Building a Sensory Routine

As humans, we thrive on routine. It helps us create expectations and build habits. When things go awry in life, a routine can help us find our way back. This is exponentially valuable for individuals with sensory differences. By building routines throughout the day, these individuals can become more equipped to take on challenging situations or stimuli. It only makes sense that sensory motor activities have a routine too.

Often, these activities are designed to either fulfill demanding sensory needs or expand sensitive ones. Creating a routine may help to enhance the participant’s ability to differentiate between sensory stimuli, identify appropriate responses, improve daily participation, and ultimately boost quality of life.

Our Golden Rule

If you’re setting up or facilitating sensory motor activities with an individual, we have one simple rule – pay attention! It is crucial to communicate before, during, and after any activity. Be engaged, build trust, and adapt quickly if something isn’t working.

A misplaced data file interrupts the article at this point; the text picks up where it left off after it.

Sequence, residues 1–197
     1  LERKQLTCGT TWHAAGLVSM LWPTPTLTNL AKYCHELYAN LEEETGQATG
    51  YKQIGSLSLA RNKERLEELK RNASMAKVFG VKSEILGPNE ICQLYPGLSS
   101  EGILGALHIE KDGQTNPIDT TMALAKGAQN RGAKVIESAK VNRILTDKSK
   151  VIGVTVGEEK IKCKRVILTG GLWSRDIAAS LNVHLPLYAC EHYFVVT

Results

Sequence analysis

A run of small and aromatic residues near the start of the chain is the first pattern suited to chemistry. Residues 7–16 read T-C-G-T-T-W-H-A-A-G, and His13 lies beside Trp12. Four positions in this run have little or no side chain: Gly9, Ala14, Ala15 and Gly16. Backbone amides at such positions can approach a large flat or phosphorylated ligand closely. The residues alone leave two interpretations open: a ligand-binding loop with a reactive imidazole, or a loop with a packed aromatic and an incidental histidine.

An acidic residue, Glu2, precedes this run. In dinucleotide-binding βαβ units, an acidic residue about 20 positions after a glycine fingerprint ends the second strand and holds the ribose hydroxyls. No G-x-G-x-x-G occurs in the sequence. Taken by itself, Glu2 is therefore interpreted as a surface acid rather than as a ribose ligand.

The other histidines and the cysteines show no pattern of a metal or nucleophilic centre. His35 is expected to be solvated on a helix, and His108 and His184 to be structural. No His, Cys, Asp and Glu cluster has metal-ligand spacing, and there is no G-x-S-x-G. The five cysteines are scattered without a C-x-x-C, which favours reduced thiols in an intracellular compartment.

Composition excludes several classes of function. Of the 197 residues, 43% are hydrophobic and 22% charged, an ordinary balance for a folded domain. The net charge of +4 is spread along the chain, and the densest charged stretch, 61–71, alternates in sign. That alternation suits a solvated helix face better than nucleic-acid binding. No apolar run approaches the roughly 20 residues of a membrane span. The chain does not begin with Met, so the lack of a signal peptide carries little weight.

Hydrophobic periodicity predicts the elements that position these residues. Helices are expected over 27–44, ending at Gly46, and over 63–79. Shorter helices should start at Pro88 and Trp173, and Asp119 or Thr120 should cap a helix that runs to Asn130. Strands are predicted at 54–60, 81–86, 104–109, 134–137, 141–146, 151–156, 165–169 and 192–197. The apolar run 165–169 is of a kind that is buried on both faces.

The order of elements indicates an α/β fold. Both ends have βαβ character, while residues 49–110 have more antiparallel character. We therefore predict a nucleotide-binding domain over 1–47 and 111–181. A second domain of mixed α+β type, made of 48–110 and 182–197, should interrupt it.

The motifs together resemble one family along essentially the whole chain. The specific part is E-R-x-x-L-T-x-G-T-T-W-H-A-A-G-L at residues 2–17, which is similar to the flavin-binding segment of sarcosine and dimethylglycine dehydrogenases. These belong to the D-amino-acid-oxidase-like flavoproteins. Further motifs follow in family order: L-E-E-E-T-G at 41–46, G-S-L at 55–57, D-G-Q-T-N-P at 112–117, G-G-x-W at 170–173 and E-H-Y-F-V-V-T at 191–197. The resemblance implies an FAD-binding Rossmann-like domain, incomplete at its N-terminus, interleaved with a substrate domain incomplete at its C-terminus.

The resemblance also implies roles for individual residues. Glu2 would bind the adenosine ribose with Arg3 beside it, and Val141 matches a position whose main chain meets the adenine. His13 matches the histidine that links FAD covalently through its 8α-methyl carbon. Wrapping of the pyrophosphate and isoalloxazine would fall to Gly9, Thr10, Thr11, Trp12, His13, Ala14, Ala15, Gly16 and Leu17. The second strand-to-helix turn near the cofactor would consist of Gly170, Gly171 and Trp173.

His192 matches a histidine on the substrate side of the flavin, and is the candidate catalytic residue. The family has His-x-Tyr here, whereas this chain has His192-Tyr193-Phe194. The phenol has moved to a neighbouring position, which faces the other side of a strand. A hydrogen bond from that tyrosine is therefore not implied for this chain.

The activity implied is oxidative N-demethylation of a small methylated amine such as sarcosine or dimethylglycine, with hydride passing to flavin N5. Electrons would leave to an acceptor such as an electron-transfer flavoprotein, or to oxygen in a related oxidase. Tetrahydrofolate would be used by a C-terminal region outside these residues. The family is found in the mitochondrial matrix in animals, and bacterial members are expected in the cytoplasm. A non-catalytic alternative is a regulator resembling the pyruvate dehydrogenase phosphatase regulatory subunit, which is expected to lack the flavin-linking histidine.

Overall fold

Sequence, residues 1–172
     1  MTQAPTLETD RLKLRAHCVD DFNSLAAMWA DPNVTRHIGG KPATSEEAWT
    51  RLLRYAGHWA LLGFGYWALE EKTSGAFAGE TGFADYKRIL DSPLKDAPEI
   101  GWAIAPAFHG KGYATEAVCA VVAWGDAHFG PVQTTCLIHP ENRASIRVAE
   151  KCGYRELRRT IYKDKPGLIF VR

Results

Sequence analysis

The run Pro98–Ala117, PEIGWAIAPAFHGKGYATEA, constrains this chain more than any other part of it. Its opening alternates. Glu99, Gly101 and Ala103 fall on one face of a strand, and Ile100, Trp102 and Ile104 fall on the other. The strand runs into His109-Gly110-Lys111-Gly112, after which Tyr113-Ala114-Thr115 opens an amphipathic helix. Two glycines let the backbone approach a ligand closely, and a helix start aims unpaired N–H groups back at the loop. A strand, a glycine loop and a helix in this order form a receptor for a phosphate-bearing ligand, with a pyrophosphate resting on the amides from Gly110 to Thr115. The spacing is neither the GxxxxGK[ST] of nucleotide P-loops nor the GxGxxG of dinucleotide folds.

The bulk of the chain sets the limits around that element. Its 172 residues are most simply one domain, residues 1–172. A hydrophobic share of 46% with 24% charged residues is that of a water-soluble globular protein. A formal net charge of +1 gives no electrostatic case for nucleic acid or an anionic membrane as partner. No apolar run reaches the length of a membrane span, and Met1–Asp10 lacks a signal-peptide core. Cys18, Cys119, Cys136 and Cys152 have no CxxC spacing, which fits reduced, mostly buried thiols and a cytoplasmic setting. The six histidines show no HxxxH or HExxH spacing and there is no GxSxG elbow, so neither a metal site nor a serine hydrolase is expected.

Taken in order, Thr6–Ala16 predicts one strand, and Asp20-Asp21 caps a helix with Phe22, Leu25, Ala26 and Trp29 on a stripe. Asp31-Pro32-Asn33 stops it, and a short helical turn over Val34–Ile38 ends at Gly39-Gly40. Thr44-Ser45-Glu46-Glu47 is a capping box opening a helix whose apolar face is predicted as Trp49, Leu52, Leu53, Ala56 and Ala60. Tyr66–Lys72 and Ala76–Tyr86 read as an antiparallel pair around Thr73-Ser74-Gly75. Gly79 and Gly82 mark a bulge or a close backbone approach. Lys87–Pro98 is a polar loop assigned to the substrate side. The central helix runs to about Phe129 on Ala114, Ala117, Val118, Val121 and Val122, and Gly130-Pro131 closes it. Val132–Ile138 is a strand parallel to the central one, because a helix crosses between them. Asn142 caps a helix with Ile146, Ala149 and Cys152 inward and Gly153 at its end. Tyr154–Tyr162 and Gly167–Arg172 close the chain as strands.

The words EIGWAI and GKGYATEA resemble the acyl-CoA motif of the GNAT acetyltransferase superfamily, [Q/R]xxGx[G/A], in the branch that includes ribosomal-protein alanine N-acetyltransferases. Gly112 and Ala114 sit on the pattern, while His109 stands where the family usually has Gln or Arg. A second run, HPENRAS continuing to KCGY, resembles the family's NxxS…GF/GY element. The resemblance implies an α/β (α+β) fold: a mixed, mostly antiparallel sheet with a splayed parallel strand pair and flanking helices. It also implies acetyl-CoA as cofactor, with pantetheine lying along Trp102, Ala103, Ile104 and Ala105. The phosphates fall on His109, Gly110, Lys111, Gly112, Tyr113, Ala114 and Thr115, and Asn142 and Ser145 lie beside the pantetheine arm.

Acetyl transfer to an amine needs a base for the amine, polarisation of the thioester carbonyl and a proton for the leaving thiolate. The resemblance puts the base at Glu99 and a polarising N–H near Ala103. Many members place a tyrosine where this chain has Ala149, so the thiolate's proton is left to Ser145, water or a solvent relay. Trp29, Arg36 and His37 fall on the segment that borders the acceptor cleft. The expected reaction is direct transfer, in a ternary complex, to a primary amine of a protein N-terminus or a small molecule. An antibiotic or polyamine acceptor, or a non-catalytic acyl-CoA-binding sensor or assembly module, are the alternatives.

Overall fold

Phases of a Sensory Routine

A typical outline of a routine has 3 parts, each taking 5-15 minutes:

1. Preparation

Sets the tone for the session, gain attention, and get physically moving. Use this time to explain the session layout, set expectations, and open up honest communication. Keep it light, easy, and fun to encourage engagement!

2. Stimulation

This is the main portion of the session where you work towards any established goals such as increasing energy, building postural strength, or challenging sensitivities. Understanding the individual’s sensory profile  as well as the basics of the vestibular, proprioceptive, and tactile sensory systems will help you feel equipped and ready to adapt.

3. Cool Down

This phase provides time to “reset” before moving on with the day. This is especially crucial if the stimulation phase was particularly active or challenging. Don’t skip this phase – it is better to shorten the main activities than to omit the cool down and risk adverse effects of the sensory session.

Final Notes

It will take some trial and error to find what activities work and which nuances (like timing or body positions) can make the difference. Stay patient and remember - we're in this journey together to Find Focus through Movement. If you have more questions, please contact us.

This article should not be used in lieu of a professional's assessment or diagnosis. The information provided is for general information and understanding only.

Author Credit

Resources: Casey Dravis, OTD, OTR/L
Writer: Katie Johnson, SRx Brand Manager and Special Needs Parent
Reviewer: Kevin Anderson, PhD, OTR/L, ATP

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